How can someone be given so much and -- rather than being grateful for the abundance of these gifts -- be so negative over a single element in the midst of them? Closer examination of such a situation, and the inconsolable level of self that gives rise to it, may show us that we have more in common with this discontented character than not.
It's impossible for us to identify with the pleasure of wanting something without encountering the pain of not wanting whatever will come to stand between that desire and its fulfillment. In other words, on the flip side of that invigorating feeling called "Yes, I want (this)" is that debilitating state called, "No! I don't want (that)."
Personal experience validates this finding. No matter what we give to desire, it's never enough. One way or another, by its very nature, desire always wants more... which leads us to this astonishing revelation. Please take your time to ponder its meaning until you can see the many self-liberating truths hidden within it.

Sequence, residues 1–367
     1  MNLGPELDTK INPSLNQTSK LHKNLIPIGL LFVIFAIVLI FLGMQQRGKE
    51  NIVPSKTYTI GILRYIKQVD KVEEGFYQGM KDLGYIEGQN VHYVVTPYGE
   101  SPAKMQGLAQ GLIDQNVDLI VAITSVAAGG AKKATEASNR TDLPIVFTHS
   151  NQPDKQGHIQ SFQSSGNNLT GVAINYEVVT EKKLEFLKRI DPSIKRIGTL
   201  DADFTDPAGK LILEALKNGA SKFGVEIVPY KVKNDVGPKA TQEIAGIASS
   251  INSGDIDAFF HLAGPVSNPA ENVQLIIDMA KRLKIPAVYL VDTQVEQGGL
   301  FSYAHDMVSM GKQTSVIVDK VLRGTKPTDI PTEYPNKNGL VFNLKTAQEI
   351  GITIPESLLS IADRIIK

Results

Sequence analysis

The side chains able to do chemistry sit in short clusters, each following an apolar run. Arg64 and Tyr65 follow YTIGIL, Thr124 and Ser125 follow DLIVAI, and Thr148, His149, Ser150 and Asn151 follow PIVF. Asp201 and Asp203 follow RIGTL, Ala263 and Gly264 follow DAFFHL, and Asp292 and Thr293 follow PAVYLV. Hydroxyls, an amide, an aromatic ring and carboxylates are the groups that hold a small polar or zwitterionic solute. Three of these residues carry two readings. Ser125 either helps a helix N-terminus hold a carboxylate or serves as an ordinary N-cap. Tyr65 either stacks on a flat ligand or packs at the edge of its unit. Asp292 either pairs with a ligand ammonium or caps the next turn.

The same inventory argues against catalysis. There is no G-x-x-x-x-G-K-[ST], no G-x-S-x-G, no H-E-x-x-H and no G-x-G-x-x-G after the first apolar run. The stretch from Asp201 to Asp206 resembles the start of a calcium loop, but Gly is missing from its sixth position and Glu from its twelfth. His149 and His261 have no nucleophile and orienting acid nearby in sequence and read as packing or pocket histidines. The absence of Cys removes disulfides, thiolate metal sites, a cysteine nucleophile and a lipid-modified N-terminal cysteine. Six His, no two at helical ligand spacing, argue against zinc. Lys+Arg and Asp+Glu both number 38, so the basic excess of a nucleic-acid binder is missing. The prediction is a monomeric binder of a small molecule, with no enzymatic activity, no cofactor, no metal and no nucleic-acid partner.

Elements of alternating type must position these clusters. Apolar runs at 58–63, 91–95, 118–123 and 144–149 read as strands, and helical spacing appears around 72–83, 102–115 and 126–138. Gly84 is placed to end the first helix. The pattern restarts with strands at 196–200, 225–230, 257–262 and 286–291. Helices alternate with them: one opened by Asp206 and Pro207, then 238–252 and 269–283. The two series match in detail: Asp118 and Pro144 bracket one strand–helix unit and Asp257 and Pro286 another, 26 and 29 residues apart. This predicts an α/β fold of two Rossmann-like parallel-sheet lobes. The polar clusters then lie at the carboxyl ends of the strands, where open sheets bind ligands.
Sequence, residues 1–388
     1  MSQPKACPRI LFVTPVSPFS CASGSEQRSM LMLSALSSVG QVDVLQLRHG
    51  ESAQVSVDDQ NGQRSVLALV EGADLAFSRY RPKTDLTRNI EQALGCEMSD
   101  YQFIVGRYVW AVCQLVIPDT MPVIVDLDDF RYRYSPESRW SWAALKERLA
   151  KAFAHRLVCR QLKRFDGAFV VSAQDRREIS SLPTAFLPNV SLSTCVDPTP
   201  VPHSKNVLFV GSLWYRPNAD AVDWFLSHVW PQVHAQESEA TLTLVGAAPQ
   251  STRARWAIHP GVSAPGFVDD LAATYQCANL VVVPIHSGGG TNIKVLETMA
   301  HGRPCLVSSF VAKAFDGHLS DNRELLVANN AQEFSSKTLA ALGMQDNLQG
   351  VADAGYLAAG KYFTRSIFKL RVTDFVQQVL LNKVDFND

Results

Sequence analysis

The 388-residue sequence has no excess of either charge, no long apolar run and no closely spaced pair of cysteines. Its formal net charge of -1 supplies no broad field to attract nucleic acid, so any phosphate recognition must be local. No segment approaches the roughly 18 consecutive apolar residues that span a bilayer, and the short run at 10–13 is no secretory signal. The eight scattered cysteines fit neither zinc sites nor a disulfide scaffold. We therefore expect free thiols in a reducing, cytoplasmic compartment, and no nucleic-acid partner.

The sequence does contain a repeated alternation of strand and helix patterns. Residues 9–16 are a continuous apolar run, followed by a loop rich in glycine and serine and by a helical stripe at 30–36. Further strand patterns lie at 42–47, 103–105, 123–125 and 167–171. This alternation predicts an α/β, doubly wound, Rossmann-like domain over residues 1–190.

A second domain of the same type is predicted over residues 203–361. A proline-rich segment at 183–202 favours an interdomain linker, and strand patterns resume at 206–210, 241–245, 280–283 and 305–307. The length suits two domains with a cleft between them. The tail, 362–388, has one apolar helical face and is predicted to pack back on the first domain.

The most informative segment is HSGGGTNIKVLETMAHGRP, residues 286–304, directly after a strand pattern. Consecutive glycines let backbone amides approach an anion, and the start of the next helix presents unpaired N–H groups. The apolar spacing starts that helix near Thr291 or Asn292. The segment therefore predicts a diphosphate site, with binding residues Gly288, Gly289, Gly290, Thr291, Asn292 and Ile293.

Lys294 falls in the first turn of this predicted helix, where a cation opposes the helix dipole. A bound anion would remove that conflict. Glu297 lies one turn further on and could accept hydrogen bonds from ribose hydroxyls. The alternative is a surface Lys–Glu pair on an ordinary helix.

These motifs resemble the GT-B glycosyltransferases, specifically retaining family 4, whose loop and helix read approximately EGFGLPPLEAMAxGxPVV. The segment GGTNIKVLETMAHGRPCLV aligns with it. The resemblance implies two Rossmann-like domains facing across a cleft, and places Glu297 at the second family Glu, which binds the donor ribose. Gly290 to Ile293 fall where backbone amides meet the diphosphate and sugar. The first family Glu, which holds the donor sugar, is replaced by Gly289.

Our inevitable sense of dissatisfaction with life is inseparable from whatever desire sends us out to claim in the name of its imagined contentment to come.
The nature of desire can never know lasting contentment because it is literally set against itself; it is a "house divided" in the truest sense of the words, and it only stands for as long as it can keep us shoring up its constantly collapsing sides.
Learning to welcome and then act from this new self-knowledge is the same as embracing a new order of consciousness that can't be tricked into acting against itself.